Excellent clarity and resolution, Transparent, Class-leading imaging
Questionable comfort and ergonomics, Lean presentation won’t suit everyone
Though unorthodox in ergonomics and construction, the SB-7 has top-level resolution and micro-detail that enable it to retain perfect composure on the most demanding tracks.
StereoPravda was founded by Misha Kucherenko, a hardcore audiophile and audio journalist from Moscow, Russia in 2002. Misha is renowned for his unique and innovative acoustic designs in addition to his drive to realise them. The SB-7 is the perfect encapsulation of this company ethos; their latest flagship in-ear monitor featuring 7 balanced armatures orientated in the same axis. Though unconventional in design, the SB-7 seeks to provide an excellent audio experience, implementing a hand-made cable by Chris Sommovigo of Black Cat Cable, terminations by Furutech and custom matched resistors by Vishay. In listening, these efforts show and one would hope so given the earphone’s $2500 USD asking price. Regardless, this is not for the value-minded, but those searching for what is, without a doubt, one of the most revealing in-ears on the market. You can read more about StereoPravda and purchase the SB-7 here. For more info about Chris’ cables, see Misha’s blog here
I would like to thank Misha from StereoPravda very much for his quick communication and for providing me with the SB-7 for the purpose of review. All words are my own and there is no monetary incentive for a positive review. Despite receiving the earphones free of cost, I will attempt to be as objective as possible in my evaluation.
The SB-7 has a premium unboxing with a wooden box with transaprent display panel. Inside are the earphones in addition to a soft pouch. Also included are two pairs of replacement ear tips. Misha provides instructions to replace them, as the stock pair are glued to the earphones.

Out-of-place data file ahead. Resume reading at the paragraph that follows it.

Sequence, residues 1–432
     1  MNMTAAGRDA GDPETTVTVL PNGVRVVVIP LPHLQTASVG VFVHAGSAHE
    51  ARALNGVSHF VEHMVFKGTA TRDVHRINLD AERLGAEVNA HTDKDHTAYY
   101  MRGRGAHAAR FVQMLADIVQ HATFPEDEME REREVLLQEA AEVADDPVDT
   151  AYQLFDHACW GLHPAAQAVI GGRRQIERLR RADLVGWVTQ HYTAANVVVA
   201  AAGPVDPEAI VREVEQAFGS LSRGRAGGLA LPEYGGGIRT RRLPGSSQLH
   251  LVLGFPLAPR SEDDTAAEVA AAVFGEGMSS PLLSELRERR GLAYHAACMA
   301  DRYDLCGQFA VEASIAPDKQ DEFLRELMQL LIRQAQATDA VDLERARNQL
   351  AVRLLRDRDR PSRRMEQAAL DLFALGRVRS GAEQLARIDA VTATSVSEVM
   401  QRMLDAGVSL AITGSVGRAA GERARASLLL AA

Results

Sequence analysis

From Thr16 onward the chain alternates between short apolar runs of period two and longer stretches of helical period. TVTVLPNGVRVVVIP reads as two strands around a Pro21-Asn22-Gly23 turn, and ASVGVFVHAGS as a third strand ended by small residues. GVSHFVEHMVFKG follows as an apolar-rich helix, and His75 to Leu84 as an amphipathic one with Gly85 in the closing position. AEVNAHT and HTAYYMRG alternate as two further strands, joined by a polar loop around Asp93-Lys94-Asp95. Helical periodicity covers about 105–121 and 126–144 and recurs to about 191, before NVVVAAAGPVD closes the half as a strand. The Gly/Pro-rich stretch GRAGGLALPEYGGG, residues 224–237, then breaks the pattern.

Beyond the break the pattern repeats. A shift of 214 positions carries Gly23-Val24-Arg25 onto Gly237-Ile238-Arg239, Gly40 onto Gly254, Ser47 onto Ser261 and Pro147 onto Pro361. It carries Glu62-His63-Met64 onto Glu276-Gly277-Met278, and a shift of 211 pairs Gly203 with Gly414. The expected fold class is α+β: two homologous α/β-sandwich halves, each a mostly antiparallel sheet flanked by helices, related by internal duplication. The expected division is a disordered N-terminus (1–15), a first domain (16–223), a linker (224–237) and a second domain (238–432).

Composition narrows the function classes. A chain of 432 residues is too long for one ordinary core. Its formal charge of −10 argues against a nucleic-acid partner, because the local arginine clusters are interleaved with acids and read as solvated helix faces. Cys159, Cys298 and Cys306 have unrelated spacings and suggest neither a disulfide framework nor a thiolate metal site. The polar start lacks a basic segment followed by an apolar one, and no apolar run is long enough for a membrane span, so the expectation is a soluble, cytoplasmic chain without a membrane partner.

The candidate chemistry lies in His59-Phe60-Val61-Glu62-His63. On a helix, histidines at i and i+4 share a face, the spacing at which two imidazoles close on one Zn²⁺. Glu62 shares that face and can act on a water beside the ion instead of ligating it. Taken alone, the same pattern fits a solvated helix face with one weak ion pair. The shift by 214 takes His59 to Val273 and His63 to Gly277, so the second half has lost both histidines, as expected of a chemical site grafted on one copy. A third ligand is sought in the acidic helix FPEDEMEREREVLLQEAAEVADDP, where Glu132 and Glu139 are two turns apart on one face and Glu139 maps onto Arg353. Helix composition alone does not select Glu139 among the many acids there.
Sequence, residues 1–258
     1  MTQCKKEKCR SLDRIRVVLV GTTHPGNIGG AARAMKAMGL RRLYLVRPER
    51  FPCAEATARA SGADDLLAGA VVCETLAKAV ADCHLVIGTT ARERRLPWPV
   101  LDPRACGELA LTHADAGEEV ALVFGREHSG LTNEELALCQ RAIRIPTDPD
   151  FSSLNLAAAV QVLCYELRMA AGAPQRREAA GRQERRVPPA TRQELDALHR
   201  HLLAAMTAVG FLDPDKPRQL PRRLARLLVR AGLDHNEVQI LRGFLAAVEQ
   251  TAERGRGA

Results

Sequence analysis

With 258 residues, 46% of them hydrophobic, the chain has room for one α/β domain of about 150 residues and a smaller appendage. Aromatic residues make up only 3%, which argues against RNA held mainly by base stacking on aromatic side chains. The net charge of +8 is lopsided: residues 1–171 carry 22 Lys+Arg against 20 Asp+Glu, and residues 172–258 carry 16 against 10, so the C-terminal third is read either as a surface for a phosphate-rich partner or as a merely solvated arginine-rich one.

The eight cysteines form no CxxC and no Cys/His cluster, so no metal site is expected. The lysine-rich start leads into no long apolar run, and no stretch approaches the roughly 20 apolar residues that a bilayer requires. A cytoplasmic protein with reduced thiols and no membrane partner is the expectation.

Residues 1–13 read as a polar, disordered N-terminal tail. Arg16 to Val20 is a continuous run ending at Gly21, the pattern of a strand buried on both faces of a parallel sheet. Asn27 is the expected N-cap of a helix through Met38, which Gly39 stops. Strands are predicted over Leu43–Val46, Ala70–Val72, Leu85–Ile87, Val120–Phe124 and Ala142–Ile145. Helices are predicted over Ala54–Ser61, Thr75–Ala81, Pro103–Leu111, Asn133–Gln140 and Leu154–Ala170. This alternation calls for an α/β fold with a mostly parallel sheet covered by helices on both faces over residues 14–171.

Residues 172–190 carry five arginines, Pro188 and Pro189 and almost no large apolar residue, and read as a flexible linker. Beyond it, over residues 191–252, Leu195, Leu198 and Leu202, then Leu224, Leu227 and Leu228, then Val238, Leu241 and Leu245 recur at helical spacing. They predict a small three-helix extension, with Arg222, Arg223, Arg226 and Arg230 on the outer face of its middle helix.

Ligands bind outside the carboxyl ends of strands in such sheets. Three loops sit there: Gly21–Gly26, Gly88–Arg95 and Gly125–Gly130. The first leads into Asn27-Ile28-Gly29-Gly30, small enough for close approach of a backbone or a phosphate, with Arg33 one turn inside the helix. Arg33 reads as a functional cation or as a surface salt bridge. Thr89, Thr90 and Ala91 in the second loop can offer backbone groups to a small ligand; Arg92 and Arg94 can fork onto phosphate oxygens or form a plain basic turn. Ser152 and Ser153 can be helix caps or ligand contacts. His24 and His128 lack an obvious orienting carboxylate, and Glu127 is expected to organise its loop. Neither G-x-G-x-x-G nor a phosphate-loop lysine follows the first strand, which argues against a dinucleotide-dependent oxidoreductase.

The SB-7 is completely unlike any in-ear I’ve seen or worn, with elongated housings designed to extend to the second bend within the ear canal (hence SB). With seven balanced armature drivers mounted in parallel and an external faux wood textured sheath, the earphones are slender, permitting their deep fit depth while preventing outer-ear contact and the formation of hotspots. Still, as it is so unorthodox, this is an earphone that takes some time getting used to, and it has been wildly more subject to individual ear anatomy than most earphones from my testing.
Perhaps the most notable aspect of the SB-7 is its extreme fit depth that promises a more consistent sound amongst listeners in addition to reduced ear canal resonances translating to improved sonic fidelity. In order to achieve this, the SB-7 employs fixed ear tips glued to the housings. They are technically user-replaceable, and two additional pairs are included in the box, however, doing so is understandably very difficult. The SB-7 also has no filters protecting the sound tubes, with one driver being exposed, outputting directly from the face of the earphone.
Many have addressed the SB-7’s rather unorthodox ergonomics and, indeed, it is very different. However, for my ears, I actually had little issue achieving a strong seal. That said, comfort is definitely not the SB-7’s strong suit with the rough edge of the firm silicone tips digging into my ear and causing discomfort after just an hour or two of listening. Moreover, this pain could persist after taking the earphones out, requiring a day to recover. Otherwise, the earphones isolate very well and other owners have had better luck than me, however, ease of fit and stability are both fairly mediocre at best.
In-line with Misha’s focus on absolute sound quality, the SB-7 employs a cable hand-made by Chris Sommovigo. It’s an incredibly thick unit and reasonably heavy on top. This contributes to the SB-7’s awkward ergonomics as the cable is too thick to reliably route behind the ears and does tend to weigh down the housings, especially when moving. Otherwise, it does demonstrate truly excellent build quality and is manufactured from high-quality components from start to finish. At 1.2m long, it does feel a bit short when connected to a desktop amplifier, a 1.5m unit would have been perfect.
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